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Military government weekly information bulletin
Number 97 (June 1947)

Hartshorne, Elsa Fay
The women and reconstruction,   pp. 5-6 PDF (1.2 MB)

Page 5

After years of suppression, German
women's groups again are meeting
together, gradually developing powers
of discussion and a sense of respon-
sibility for activities in their country.
Because the first steps of reorganiza-
tion are difficult after years of no
practice, the conference of German
women held last month at Bad Boll
was partially a success and somewhat
a disappointment.
Representatives of women's organi-
zations from all over Germany met to
acquaint each other with activities
now in progress, pool their experience
and ideas, and discuss the part that
women could and should play in the
reconstruction of Germany. Their first
objective was realized; the second
and third only to a limited degree, and
the Germans felt this more keenly
than the British and American guests
whose expectations had been set
less high.
The effort to form a German-wide
group was unsuccessful because many
delegates believed that they did not
come provided with that authority.
They felt that such a decision would
be too sudden and that such an or-
ganization should be built more slowly
on firmer foundations. It was the
general opinion that the true and very
great value of the conference lay in
the mutual acquaintance of a large
number of leading women in different
zones from different walks of life and
political viewpoints, and that the
foundations for co-operation and un-
derstanding were being laid through
this acquaintance.
The number of delegates was deli-
berately set at only 85, the capacity
of the conference buildings at Bad
Boll, so that the women could live
together in the country and continue
their discussions unhampered between
meetings. Actually interest was so
By Elsa ray Hartshorne
great that 204 delegates appeared,
some without invitations, and managed
to find places to stay in the neigh--
Delegates from all four zones ap-
peared, although those representing
the Soviet Zone were zone workers
living in Berlin. Forty-two organizati-
ons were represented, including some
of the largest of the non-partisan
women's organizations, such as the
Sueddeutsche Frauenarbeitskreis and
the Frauenverband Hesse. Represen-
tation was predominantly on the side
of church workers and professional
women, with only a scattering from
whitecollar, labor, and farm workers.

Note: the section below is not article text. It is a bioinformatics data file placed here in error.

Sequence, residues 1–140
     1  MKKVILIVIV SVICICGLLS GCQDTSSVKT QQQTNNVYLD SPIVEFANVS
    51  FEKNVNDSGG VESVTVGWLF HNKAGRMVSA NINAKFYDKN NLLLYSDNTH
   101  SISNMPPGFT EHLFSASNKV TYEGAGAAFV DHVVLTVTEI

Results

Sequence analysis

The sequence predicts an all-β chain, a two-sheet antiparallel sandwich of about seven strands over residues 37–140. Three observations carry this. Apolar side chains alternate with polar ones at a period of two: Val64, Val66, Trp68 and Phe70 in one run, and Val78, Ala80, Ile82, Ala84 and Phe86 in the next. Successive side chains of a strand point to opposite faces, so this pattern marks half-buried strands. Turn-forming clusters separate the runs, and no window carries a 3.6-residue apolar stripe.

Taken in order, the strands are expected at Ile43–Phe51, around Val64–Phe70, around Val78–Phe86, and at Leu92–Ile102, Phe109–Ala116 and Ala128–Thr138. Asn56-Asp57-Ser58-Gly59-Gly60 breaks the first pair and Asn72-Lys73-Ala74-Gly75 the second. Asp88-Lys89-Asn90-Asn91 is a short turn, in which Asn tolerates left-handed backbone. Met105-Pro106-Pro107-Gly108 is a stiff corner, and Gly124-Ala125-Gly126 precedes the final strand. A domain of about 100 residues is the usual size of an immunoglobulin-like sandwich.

All political parties within Germany
were represented. Efforts to bring in
women from outside Germany were
The speeches, for the most part, did
not get beyond generalizations, on
which all parties agree, but a few
offered  concrete  applications,  on
which they do not agree. The ori-
ginal plan of dividing into several
discussion groups for part of the pro-
gram, as suggested by the American
guests at the planning committee
meeting, was abandoned. Discussion
as a technique leading to action has
not been fostered in Germany. Opin-
ions were expressed with freedom
and received with tolerance, but there
was very little real discussion. It
was an encouraging sign, however,
that there seemed to be a general
realization of this lack which is the
first step towards improvement.
The proportion of younger people
and the share they were given in the
conference were too small despite
much talk about the important part
they must play.
The principal speaker at the first
day's meeting on "Peace and Inter-
national Understanding" was Frau
von Zahn-Harnack, founder and presi-
dent of the "Wilmersdorfer Frauen-
bund 1945" and one of the early work-
ers for woman suffrage. Inserted into
the middle of her speech, to under-
line the absolute necessity of avoiding
any future war, was a description of
atomic energy and the atomic bomb
given by the physicist Freda Wuest-
hoff, from Lindau. The immense popu-
larity of this talk showed how thirsty
the women were for precise knowledge
about atomic energy, and their re-
actions indicated that widespread in-
formation might be the best preven-
tive of war.
In the afternoon, Katarina von Kar-
dorff of Berlin spoke. She is a for-
mer member of the Reichstag and her
husband was for many years its vice-
president. Hers was a plea for the
unification of Germany, for edonomic
recoveryan appeal to women that the
fault for the past lies with men, that
the women have let themselves be
ruled too long.
A most effective talk was delivered
by Frau Thea Baehnisch of Hanover,
the only woman president of a Re-
gierungsbezirk in Germany. A woman
of about 45, a direct, efficient, and
forceful personality, she said she had
not intended, when elected, to con-
cern herself with women's problems,
but was soon forced to do so, standing
as she did "in splendid isolation"
among the men. She had to decide
whether to execute her job as a man
(for which she had the preparation),
but chose instead to work from the
point of view of a woman and found
that her influence showed as little as
a spring in a desert. Women have
come through the war less damaged;
they are tougher, and they comprise
almost two-thirds of the votes. These
facts make the small part women now
play in public life something to be
ashamed of, she insisted. Somehow
women's interest in this work must
be captured.
Frau Baehnisch saw in non-partisan
women's organizations the solution to
this need, and said that work only
through the parties is entirely in-
sufficient. This is one opportunity to
16 JUNE 1947

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